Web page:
[030.2] Web Components Introduction

A quick primer on using Web Components with Elm

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Web Components Introduction [11.30.2016]

If you're not familiar with Web Components, you can think of them as a way to provide custom elements in HTML. Because they work just like regular elements, they provide a very nice way to have stateful UI components without having to wire up a lot of state management just to get them. You can think of elm-mdl here - I love it, but it is a bit verbose. Let's have a look at how Web Components can cut down on typing.

Project

I'm starting out with the project knewter/elm_web_components_playground tagged before this episode. This is a basic Elm application with an initial web components setup. I've included steps showing how I started it at the end of the episode's script.

Let's look at the index.html file and talk about a few things.

vim src/index.html
<!DOCTYPE html>
<html lang="en">
<head>
    <meta charset="UTF-8">
    <meta http-equiv="x-ua-compatible" content="ie=edge">
    <meta content="width=device-width, initial-scale=1.0" name="viewport">
    <!-- here we pull in the webcomponents polyfill -->
    <script src="/bower_components/webcomponentsjs/webcomponents.js"></script>
    <!-- This part took me a while to figure out, found it on a ML thread with
         the help of Richard Feldman ultimately - basically, you need to use
         shadow DOM or else nested webcomponents don't work right in strange but
         awful ways. -->
    <script>
      window.Polymer = {
        dom: 'shadow'
      };
    </script>
    <!-- Then we pull in polymer with an import link -->
    <link rel="import" href="/bower_components/polymer/polymer.html">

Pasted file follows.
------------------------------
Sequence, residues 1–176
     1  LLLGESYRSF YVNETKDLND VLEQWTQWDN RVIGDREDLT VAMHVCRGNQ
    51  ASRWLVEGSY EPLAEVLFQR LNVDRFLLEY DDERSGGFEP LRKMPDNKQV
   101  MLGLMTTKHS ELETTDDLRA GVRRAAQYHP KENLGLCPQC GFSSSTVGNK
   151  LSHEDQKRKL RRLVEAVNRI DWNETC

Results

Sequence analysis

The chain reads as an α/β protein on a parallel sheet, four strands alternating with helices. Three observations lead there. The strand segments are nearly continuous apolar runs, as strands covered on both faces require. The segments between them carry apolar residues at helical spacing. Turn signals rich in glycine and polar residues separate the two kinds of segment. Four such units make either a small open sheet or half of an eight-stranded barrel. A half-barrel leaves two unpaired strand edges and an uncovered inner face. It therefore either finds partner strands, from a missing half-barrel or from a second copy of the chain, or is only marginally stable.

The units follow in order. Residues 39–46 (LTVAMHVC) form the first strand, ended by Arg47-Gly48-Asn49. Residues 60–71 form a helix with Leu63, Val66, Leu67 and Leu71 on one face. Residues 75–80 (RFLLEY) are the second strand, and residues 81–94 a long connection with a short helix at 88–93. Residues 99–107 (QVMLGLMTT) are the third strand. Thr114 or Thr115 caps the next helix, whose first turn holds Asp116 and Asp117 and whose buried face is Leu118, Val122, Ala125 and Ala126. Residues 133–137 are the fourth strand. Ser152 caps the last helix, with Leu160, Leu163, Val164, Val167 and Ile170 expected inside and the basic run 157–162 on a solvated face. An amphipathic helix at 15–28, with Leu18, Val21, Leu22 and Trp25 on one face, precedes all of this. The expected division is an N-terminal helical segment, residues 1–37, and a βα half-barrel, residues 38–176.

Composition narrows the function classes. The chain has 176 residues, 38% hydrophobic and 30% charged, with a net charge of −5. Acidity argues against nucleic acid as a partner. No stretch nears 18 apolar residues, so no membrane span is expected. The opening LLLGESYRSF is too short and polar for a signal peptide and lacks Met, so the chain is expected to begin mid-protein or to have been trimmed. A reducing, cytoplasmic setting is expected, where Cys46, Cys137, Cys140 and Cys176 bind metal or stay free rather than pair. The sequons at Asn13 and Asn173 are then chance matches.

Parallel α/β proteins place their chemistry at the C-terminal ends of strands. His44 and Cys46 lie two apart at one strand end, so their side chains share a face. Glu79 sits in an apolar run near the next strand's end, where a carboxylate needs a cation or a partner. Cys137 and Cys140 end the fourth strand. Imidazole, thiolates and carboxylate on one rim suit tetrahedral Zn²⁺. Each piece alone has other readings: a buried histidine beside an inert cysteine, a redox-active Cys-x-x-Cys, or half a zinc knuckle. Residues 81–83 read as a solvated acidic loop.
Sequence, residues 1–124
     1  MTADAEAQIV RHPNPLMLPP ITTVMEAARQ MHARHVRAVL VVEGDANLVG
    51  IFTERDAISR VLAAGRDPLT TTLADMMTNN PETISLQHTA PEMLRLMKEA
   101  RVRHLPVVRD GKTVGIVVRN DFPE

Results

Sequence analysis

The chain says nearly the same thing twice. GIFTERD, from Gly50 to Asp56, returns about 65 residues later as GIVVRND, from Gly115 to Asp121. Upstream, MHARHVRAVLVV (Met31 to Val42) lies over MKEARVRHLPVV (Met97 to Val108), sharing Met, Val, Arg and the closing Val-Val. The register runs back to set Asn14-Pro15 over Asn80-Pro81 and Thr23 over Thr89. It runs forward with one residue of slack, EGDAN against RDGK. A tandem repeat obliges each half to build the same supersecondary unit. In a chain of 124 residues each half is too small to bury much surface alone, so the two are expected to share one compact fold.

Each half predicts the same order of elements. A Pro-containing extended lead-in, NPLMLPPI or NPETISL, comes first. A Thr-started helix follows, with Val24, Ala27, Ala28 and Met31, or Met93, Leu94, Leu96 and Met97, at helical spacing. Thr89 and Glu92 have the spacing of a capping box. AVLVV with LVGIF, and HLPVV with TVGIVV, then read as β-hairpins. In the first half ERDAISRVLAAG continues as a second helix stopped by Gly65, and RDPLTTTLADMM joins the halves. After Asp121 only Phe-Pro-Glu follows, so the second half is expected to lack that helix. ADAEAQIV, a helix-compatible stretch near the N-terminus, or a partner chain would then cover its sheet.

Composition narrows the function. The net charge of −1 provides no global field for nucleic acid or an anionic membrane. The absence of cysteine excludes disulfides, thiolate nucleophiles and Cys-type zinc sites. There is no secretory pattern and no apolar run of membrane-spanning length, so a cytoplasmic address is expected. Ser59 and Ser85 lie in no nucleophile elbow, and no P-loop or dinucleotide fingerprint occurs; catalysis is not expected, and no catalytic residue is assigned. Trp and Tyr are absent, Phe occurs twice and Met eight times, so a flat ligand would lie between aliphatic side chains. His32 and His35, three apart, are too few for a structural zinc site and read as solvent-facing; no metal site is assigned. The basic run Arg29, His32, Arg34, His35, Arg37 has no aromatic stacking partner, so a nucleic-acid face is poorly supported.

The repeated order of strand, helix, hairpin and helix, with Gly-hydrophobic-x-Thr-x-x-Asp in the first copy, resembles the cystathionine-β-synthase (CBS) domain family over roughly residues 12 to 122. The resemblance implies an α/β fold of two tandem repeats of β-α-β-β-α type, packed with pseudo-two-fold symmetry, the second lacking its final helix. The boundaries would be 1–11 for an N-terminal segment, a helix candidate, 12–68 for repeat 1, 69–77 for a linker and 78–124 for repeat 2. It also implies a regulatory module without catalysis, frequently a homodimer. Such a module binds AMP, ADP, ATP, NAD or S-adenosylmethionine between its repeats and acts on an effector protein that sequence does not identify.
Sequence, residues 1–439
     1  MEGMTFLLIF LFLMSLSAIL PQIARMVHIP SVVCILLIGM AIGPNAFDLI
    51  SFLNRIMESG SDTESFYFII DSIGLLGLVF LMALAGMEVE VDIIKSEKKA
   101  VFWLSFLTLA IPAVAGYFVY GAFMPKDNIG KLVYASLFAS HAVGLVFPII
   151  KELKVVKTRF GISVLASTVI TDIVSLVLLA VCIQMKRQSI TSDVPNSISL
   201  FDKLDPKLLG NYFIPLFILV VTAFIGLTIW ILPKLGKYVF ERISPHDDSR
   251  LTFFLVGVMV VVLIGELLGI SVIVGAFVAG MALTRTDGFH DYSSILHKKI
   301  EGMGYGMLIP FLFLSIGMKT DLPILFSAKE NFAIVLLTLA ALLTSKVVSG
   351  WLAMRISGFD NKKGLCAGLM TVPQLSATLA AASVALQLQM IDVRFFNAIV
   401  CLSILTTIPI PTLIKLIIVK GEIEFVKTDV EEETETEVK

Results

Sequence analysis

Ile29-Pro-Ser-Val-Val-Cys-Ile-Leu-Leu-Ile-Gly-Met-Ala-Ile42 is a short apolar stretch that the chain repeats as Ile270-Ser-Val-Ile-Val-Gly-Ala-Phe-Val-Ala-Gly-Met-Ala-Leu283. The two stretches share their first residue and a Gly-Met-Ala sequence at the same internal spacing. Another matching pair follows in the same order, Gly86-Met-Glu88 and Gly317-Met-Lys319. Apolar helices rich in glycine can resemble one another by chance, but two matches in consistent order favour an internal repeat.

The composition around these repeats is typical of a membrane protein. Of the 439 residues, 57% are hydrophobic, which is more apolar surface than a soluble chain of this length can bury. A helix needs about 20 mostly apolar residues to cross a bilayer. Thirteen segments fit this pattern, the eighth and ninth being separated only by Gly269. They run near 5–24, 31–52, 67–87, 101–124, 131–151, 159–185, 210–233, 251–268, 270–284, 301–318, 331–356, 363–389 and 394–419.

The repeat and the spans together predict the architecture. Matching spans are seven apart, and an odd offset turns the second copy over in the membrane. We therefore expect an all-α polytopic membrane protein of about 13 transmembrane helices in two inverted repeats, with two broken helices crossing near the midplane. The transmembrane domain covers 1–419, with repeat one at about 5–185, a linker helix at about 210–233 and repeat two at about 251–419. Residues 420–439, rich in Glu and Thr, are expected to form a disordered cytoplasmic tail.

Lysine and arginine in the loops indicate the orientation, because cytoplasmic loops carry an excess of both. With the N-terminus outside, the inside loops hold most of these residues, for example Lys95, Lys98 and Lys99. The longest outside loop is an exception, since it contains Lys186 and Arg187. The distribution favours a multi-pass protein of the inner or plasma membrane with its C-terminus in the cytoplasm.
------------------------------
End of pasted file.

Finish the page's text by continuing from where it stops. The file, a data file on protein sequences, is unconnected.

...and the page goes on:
<title>Elm App</title>
</head>
<body>
    <div id="root"></div>
</body>
</html>

So that last thing - the import link tag - is the core of Web Components. I won't dig in too terribly deeply since I hope you did some reading up on them yesterday, but you can think of this sort of like a require statement in some other programming language. It pulls in this code and executes it, which ultimately gives us a web component.

Our app doesn't look terribly exciting yet. We can make some nice things happen pretty quickly though. Let's bring in the paper-input component - this is a Material Design component for input tags.

First, we'll install it from bower:

bower install paper-input --save

Next, we'll import it into our HTML file:

vim src/index.html
    <link rel="import" href="/bower_components/paper-input/paper-input.html">

From here, we can just use it. We'll open up our Elm app and add a node of type paper-input:

vim src/App.elm
module App exposing (..)

import Html exposing (Html, text, div, node)
-- ...
view : Model -> Html Msg
view model =
    div
        []
        [ text model.message
        , node "paper-input" [] []
        ]

If you go back to the browser, you can see we have an input field taking up the full width of its container. It's got some funky underline stuff happening, but otherwise it's kind of unexciting. Let's add a label to it, with an attribute:

module App exposing (..)
-- ...
import Html.Attributes exposing (attribute)
-- ...
view : Model -> Html Msg
view model =
    div
        []
        [ text model.message
        , node "paper-input"
            [ attribute "label" "Username" ]
            []
        ]

Now when we type into the label, we can see that it has the nice animated Material Design label movement that you'd expect. There are a lot more attributes that you can use from this component, but that's enough for now.

Next, let's add a nice button with a ripple. We'll bring in the component:

bower install paper-button --save
vim src/index.html
    <link rel="import" href="/bower_components/paper-button/paper-button.html">

And we'll add a button - we'll wrap it in a div just so it forces it to go to the next line: